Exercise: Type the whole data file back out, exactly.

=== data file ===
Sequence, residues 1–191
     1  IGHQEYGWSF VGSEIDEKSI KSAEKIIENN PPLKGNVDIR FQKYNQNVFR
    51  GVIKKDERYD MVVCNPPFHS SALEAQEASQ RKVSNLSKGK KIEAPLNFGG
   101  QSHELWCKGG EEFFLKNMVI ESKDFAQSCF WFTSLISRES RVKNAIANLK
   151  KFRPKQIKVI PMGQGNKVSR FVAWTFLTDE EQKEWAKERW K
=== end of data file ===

Sequence, residues 1–191
     1  IGHQEYGWSF VGSEIDEKSI KSAEKIIENN PPLKGNVDIR FQKYNQNVFR
    51  GVIKKDERYD MVVCNPPFHS SALEAQEASQ RKVSNLSKGK KIEAPLNFGG
   101  QSHELWCKGG EEFFLKNMVI ESKDFAQSCF WFTSLISRES RVKNAIANLK
   151  KFRPKQIKVI PMGQGNKVSR FVAWTFLTDE EQKEWAKERW K